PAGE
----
Most Massachusetts motorists are aware that they should not use their phones while they drive. However, some believe that hands-free phones are fine. Unfortunately, research has demonstrated that using hands-free phones while driving is also distracting and increases the risk of accidents.
Research on hands-free phones
According to research completed by the National Safety Council, people who use hands-free devices while driving fail to see as much as 50% of the objects and hazards around their vehicles. However, most people believe that distracted driving only includes texting while driving and do not recognize the risks of using hands-free technology while they are behind the wheel. When people use Bluetooth connections to type and send text messages or talk on hands-free phones to other people, their attention will be directed away from driving. This cognitive distraction greatly interferes with their driving abilities and increases the risk that they will cause motor vehicle accidents.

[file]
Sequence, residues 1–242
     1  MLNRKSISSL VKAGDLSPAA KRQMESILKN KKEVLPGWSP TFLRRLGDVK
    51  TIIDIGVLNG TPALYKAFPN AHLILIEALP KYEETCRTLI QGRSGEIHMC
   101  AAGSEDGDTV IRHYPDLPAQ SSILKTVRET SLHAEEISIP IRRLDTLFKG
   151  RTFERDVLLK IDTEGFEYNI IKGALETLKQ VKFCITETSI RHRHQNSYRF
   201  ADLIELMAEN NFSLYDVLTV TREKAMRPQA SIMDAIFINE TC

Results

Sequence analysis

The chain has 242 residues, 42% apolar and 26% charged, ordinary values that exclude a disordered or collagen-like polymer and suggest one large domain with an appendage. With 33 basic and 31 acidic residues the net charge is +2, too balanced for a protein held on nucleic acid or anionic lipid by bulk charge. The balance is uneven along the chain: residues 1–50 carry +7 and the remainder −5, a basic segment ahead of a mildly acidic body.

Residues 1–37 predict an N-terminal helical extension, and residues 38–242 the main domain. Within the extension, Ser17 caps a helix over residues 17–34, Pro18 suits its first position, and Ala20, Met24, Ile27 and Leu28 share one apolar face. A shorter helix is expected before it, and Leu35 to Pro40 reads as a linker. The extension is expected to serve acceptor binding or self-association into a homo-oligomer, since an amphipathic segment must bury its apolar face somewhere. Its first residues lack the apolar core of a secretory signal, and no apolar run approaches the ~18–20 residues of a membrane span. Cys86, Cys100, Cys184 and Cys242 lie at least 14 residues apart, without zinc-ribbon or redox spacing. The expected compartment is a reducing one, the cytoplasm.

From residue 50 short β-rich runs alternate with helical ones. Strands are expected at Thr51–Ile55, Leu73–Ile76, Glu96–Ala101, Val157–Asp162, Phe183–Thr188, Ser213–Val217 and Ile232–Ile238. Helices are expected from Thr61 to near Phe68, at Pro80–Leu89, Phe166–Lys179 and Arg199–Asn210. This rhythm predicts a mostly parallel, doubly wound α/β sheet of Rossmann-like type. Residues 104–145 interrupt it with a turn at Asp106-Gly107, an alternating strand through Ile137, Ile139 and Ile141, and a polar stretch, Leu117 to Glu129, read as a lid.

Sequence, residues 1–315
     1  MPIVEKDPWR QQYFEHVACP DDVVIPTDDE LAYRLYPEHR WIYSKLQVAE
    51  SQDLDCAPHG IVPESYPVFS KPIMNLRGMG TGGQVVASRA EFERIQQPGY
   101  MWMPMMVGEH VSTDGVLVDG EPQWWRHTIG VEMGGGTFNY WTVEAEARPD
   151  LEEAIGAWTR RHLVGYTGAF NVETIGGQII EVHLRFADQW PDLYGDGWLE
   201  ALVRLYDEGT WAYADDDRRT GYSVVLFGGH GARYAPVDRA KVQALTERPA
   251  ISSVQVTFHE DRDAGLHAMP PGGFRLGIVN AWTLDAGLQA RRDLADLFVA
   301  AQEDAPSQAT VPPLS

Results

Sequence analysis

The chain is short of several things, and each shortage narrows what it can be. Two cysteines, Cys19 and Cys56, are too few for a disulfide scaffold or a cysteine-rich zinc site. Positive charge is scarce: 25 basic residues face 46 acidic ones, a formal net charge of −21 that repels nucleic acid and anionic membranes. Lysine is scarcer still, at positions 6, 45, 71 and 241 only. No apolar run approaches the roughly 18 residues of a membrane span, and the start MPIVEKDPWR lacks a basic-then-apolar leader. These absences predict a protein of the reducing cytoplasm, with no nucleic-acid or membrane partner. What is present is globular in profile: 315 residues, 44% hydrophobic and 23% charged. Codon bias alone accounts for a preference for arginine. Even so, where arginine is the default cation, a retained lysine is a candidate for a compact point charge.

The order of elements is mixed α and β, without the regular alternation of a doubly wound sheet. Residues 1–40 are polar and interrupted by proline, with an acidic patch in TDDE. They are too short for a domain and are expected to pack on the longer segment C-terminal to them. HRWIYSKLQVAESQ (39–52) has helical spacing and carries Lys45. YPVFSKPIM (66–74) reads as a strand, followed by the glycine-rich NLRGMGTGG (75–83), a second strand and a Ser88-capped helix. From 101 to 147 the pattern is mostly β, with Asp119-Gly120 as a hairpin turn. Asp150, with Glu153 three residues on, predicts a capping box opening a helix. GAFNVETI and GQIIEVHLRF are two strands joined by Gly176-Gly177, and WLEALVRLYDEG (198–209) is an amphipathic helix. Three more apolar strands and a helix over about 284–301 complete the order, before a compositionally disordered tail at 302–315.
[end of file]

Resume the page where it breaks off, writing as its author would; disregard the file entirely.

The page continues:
Includes more than texting
Many different activities are distracting and should be avoided while driving. Some of these include the following actions:
- Eating while driving
- Turning to check on children in the back
- Talking on the phone
- Adjusting your stereo dials
- Checking GPS
- Putting on makeup or brushing hair while driving
- Daydreaming while driving
When you get behind the wheel of your car, your attention should remain focused on the road at all times. Allowing yourself to become distracted can result in an accident. It doesn’t take much time for your attention to be pulled away from the road to have an accident. By turning off your cell phone and pulling over to check GPS or make phone calls, you might reduce the chances that you will be involved in a motor vehicle accident in which someone else is injured or killed.